- "Karen Hesse marries Dr. Evan Flatow". The New York Times. 18 Aug 1986. Retrieved 16 Oct 1986. Check date values in:
- Quiñones, Eric (3 Jun 2007). "Fleming honors 'Class of Destiny' at Baccalaureate". Princeton University. Retrieved 26 Dec 2011.
Fleming... earned a Ph.D. from Princeton in 1963 and joined the faculty two years later. He retired last spring.
- "Henri R. Ford, MD, MHA". Children's Hospital Los Angeles. Retrieved 9 Oct 2011.
- Princeton University. "Board of Trustees 2011–12". Retrieved 9 Oct 2011.
- "Curriculum vitae: Hal Foster" (PDF). Princeton University. Retrieved 16 Oct 2011.
- "Michael Freedman named winner of Fields Medal". University of California, San Diego. 3 Aug 1986. Retrieved 24 Oct 2011.
- Stevens, Ruth (31 Mar 2009). "Robert F. Goheen, 16th president of Princeton, dies at age 88; service set for April 27". Princeton University. Retrieved 16 Oct 2011.
- "Phillip A. Griffiths" (PDF). Institute for Advanced Study. Retrieved 24 Oct 2011.
- Wolf Foundation. "Mathematics". Retrieved 24 Oct 2011.
- Institute for Advanced Study (Oct 1946). Bulletin No. 12, 1945–1946 (PDF). Princeton University Press. p. x. Retrieved 16 Oct 2011.
- Hartshorne, Robin (1977). Algebraic Geometry (back cover). Springer. Retrieved 24 Oct 2011.
After receiving his Ph.D. from Princeton in 1963....
- "James Joseph Heckman" (PDF). University of Chicago. Retrieved 16 Oct 2011.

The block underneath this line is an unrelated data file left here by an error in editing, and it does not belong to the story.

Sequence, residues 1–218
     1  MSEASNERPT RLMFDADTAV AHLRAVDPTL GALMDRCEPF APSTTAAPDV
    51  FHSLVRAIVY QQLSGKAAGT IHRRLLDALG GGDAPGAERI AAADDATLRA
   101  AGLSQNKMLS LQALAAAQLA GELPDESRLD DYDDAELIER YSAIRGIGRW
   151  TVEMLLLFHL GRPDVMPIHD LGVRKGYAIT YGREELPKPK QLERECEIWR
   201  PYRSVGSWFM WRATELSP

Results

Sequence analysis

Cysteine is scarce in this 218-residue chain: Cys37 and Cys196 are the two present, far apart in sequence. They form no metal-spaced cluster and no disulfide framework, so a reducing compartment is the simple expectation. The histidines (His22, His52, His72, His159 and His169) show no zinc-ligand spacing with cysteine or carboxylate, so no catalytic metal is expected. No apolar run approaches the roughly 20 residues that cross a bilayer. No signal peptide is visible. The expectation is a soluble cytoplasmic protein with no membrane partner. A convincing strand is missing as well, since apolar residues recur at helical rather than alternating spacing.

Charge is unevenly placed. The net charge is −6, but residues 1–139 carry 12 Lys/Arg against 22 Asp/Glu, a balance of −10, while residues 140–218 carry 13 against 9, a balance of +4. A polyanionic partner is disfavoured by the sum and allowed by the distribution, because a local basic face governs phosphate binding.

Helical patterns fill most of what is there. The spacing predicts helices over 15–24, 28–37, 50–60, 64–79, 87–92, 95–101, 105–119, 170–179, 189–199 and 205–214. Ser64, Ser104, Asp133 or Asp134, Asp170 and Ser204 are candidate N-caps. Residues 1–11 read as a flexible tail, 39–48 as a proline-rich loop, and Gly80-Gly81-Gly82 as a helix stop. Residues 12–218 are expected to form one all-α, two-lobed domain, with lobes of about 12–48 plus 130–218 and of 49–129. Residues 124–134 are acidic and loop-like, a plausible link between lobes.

- "The Sveriges Riksbank Prize in Economic Sciences in Memory of Alfred Nobel 2000". Retrieved 16 Oct 2011.
- Leitch, Alexander (1978). "A Princeton Companion: College and University Presidents". Princeton University Press. Retrieved 16 Oct 2011.
- "Padre Sahib". TIME. 19 Sep 1949. Retrieved 16 Oct 2011.
- "Robert Hofstadter – Biography". Nobelprize.org. Retrieved 24 Oct 2011.
- Slonimsky, Nicolas and Kuhn, Laura (2005)."Holoman, D(allas) Kern". Baker's Biographical Dictionary of Musicians. Retrieved online via HighBeam Research 9 May 2013 (subscription required).
- Hevesi, Dennis (10 Sep 2009). "Carl F. Hovde, former Columbia dean, dies at 82". The New York Times. Retrieved 16 Oct 2011.
- Robinson, Sara (9 Dec 1999). "Nathan Jacobson dies at 89; a leader in abstract algebra". The New York Times. Retrieved 24 Oct 2011.
- Federal Judicial Center. "Kagan, Elena". Retrieved 4 Sep 2011.
- Parker, Hilary (22 Jan 2008). "Robert Kahn *64 wins Japan Prize for pioneering Internet work". Princeton University School of Engineering and Applied Science. Retrieved 21 Oct 2011.
- "Q&A with 2004 Turing Award winner Bob Kahn". Association for Computing Machinery. 15 Aug 2005. Retrieved 21 Oct 2011.
- Reardon, Marguerite (4 Nov 2005). "Internet fathers get presidential medal". CNET. Retrieved 21 Oct 2011.
- "Dr. Ray M. Keck, III". zoominfo.com. Retrieved October 23, 2015.